WASHINGTON -- Car dealer and consumer groups are redoubling their lobbying this week as House and Senate negotiators prepare to consider an exemption for dealers from oversight by a proposed consumer finance agency.
The exemption for dealerships that help arrange financing for customers is in a sweeping financial regulation bill that passed the House, but it is not in a similar measure approved by the Senate.
The National Automobile Dealers Association has paid for advertisements this week in Automotive News, Roll Call, CQ, CongressDaily and Politico.
“DEALERS: If your senator/representative is a conferee on the Wall Street reform bill, please contact them immediately to support” the dealer exemption, said the ad in Automotive News on Monday, June 14.
Automotive News’ readers include many of NADA’s 17,000 members.
Ads running in the other newspapers say: “Millions of families rely on their hometown auto dealers to obtain financing for cars and trucks at competitive rates. New and unnecessary regulations will put affordable financing at risk.”
Roll Call, CQ, CongressDaily and Politico are widely read on Capitol Hill.
The Consumer Federation of America countered with a statement Monday containing a “consumer’s guide” to the legislation that urged Americans to lobby against the dealer exemption.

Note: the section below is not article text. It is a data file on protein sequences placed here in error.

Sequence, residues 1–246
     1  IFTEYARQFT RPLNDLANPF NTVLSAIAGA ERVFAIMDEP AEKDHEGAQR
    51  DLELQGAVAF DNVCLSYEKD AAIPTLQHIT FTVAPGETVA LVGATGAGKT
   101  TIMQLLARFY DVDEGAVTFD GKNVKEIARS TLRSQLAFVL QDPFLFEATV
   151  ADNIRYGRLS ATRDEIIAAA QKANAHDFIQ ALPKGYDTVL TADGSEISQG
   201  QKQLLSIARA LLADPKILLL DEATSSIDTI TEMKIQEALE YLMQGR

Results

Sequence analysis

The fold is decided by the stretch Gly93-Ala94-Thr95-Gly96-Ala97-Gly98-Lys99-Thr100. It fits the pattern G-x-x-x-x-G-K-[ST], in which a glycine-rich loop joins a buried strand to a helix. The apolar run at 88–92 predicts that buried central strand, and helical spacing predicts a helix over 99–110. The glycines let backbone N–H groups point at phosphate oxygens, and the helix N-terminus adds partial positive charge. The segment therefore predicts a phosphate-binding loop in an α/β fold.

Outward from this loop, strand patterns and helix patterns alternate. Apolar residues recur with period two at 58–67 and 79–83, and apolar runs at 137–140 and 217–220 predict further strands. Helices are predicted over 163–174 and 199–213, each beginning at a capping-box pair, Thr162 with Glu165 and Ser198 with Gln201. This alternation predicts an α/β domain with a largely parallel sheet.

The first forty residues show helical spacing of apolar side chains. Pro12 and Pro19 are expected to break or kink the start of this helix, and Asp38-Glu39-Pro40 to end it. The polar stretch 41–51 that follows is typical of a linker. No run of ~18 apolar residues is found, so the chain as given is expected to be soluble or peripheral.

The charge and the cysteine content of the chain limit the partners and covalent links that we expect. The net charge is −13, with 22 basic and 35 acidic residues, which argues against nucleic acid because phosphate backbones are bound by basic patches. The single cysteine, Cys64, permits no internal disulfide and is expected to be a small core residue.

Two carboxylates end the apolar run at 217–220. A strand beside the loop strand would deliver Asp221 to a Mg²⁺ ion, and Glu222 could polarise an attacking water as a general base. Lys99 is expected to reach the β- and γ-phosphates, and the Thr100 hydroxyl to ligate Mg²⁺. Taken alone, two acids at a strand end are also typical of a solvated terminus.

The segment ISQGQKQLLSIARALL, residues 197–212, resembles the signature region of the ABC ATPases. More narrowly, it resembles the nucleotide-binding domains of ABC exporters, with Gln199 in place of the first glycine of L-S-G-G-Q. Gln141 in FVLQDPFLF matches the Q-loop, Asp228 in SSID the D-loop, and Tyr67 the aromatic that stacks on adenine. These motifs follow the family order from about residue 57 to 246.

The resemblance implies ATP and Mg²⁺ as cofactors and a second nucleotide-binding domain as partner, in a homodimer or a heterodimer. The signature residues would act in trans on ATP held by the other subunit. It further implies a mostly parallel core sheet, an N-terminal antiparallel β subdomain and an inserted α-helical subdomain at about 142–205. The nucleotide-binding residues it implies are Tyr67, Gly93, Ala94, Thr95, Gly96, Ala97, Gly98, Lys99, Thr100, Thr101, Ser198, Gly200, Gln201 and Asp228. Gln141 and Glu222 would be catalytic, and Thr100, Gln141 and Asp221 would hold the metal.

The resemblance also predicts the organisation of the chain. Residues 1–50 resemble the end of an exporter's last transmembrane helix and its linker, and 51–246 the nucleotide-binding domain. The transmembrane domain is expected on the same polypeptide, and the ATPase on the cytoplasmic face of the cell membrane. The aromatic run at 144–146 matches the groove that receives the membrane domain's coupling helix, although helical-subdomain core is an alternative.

“Our troops, women and communities of color who are targeted by unscrupulous auto lenders will benefit from (Consumer Financial Protection Agency) rules that rein in abusive practices,” said the e-mailed statement from the federation, which consists of more than 280 groups.
House and Senate negotiators started to meet Thursday, June 10, to try to resolve differences between the bills, using the Senate legislation as a starting point. Democrats have said they want a final bill on President Barack Obama’s desk by July 4.
Senate Banking Committee Chairman Chris Dodd and House Financial Services Committee Chairman Barney Frank said today that the negotiators plan to consider the dealer exemption sometime next week.
The exemption would not cover financial institutions that provide auto loans or dealers that offer direct financing.
It is being opposed by Obama, the Pentagon, groups of military families, consumer advocates and civil rights organizations.
A Treasury Department paper distributed to lawmakers last month said auto customers are currently “unprotected from the minority of dealers and lenders that sell unfair auto loans with hidden fees.”
The paper singled out military families as having been “a target of unscrupulous lenders because of their demographic characteristics.”
Although the Senate passed a bill without a dealer exemption, it also approved a nonbinding recommendation to its negotiators to adopt such an exclusion.